Researchers discover first Black-and-White Hawk-Eagle nest in Mexico
By Alan Monroy-Ojeda
6 March, 2023
The first Black-and-White Hawk-Eagle nest found in Mexico. Photo by Alan Monroy-Ojeda.
In recent years we have entered the last protected tropical rain forest of Mexico with the mission of searching for and conserving the holy grail of raptors, the great Harpy Eagle (Harpia harpyja). To our delight, this arduous search between mountains and rivers brings the opportunity to find other secrets of the jungle. We recently discovered the first nest of the elusive and little-known Black-and-White Hawk-Eagle (Spizaetus melanoleucus) known in Mexico. Fewer than five nests have been reported in the scientific literature, making it one of the least known raptors in the entire Neotropics. A top predator, the Black-and-White Hawk-Eagle feeds on birds such as the toucans, pigeons, tinamous as well as mammals, reptiles and amphibians, which it usually hunts in a spectacular dive from the air.
Researchers Alan Monroy-Ojeda (right) and Jorge Alfonzo (left) looking for Harpy Eagles and other key top-predators such as the Black-and-White Hawk-Eagle in the Montes Azules Biosphere Reserve in Chiapas, Mexico. Photo by Santiago Gibert-Isern.
Present in the cosmogony of various Mexican indigenous peoples, this eagle ranges from Mexico to northern Argentina, but is considered rare and/or threatened in many countries where it is found. In Mexico it is listed as an endangered species, and due to its ecological importance is considered a national priority species for conservation. It shares this status along with the other two eagle species in the genus Spizaetus, the Ornate and Black Hawk-Eagle, as well as the Harpy Eagle and the King Vulture. The discovery was made in the Lacandon region in the state of Chiapas, with support from IBCP and in collaboration with Natura and Ecosistemas Mexicanos A.C., a Mexican civil organization that advises and promotes the conservation of communal lands and the training of local people in economic activities compatible with conservation, such as ecotourism and payment for environmental services.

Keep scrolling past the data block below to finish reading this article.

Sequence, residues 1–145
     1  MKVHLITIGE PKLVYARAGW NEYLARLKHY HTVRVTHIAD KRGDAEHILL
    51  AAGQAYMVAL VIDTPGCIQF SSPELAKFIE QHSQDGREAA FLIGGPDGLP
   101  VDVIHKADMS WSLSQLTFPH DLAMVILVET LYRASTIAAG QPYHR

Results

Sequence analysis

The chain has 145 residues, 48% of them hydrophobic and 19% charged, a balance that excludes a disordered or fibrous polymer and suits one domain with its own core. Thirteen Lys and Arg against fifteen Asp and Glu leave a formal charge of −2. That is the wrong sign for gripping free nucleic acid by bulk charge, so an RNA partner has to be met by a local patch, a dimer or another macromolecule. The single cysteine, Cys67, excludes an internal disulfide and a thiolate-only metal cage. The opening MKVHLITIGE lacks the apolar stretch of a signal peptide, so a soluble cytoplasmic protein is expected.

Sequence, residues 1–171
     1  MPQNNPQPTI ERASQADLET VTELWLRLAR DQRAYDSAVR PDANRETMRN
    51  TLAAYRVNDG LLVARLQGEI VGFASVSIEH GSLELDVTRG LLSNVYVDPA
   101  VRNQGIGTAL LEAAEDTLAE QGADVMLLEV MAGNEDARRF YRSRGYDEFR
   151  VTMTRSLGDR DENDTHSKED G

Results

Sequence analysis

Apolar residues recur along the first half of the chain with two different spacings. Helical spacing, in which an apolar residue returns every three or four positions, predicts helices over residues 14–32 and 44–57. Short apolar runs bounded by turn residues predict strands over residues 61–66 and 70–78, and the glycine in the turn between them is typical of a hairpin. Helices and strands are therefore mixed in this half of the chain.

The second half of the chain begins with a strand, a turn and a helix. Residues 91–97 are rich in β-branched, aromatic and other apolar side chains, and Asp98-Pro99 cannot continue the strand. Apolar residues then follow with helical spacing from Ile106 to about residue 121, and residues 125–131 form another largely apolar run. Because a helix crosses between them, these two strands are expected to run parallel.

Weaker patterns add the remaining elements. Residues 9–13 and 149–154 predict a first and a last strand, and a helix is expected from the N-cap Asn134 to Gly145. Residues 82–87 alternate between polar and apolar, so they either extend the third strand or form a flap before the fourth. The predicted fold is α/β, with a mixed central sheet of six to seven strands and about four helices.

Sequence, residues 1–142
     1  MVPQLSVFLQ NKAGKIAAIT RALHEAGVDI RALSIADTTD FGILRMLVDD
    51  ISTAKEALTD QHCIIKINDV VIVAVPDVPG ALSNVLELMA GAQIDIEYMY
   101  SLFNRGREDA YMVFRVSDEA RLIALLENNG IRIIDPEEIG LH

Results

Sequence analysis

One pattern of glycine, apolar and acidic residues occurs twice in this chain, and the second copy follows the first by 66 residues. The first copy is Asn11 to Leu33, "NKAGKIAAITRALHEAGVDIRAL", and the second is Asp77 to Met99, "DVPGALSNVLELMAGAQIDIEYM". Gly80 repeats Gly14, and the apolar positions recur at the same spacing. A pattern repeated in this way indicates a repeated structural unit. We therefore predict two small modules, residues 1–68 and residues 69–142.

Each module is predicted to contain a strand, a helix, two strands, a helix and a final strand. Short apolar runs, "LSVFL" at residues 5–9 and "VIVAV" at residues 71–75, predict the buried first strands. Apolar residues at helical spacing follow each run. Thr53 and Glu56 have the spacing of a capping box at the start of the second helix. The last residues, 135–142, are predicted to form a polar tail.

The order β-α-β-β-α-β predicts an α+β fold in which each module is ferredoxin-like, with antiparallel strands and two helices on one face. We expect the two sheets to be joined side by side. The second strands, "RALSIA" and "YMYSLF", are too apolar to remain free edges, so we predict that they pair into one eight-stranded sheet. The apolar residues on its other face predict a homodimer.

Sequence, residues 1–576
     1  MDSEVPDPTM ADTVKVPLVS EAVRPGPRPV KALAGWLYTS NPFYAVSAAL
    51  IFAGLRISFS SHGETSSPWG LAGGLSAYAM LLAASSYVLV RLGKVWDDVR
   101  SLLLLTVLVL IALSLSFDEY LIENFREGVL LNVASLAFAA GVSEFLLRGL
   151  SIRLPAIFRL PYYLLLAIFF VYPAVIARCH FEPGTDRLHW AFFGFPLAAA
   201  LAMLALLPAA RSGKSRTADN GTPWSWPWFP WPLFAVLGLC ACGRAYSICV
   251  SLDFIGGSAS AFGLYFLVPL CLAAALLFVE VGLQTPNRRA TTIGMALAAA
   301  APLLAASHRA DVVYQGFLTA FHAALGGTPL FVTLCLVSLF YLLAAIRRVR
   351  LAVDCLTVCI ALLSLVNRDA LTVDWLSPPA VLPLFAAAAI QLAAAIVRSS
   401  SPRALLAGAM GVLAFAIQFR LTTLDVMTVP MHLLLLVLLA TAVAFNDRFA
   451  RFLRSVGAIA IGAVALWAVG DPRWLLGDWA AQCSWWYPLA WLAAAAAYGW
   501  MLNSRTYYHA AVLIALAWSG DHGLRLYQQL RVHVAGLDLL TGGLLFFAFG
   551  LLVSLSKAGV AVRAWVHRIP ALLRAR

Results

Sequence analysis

Watercolor by the researcher Alan Monroy-Ojeda made from his observations of the eagle in the vicinity of the nest.
Mexican Harpy Eagle Initiative researchers Alan Monroy-Ojeda, Jorge Alfonzo and Santiago Gibert-Isern are developing a conservation strategy based on the study, monitoring and development of a protocol for its protection in collaboration with Dimension Natural. To date, we can announce and celebrate that the 2022 clutch has been successful, with the first known fledgling to survive in the country. This strategy for the conservation of the Black-and-White Hawk-Eagle has included the inclusion and training of local guides such as Alex Morales from the Tamandúa Camp, who carries out monitoring and surveillance. Continuing the study and implementation of conservation actions for this eagle also supports the conservation of more than 450 species of resident and migratory birds that inhabit the magnificent rain forests of southeastern Mexico.
Tropical rain forest preserved under communal efforts in Flor del Marques in southern Chiapas, Mexico. Photo by Alan Monroy-Ojeda.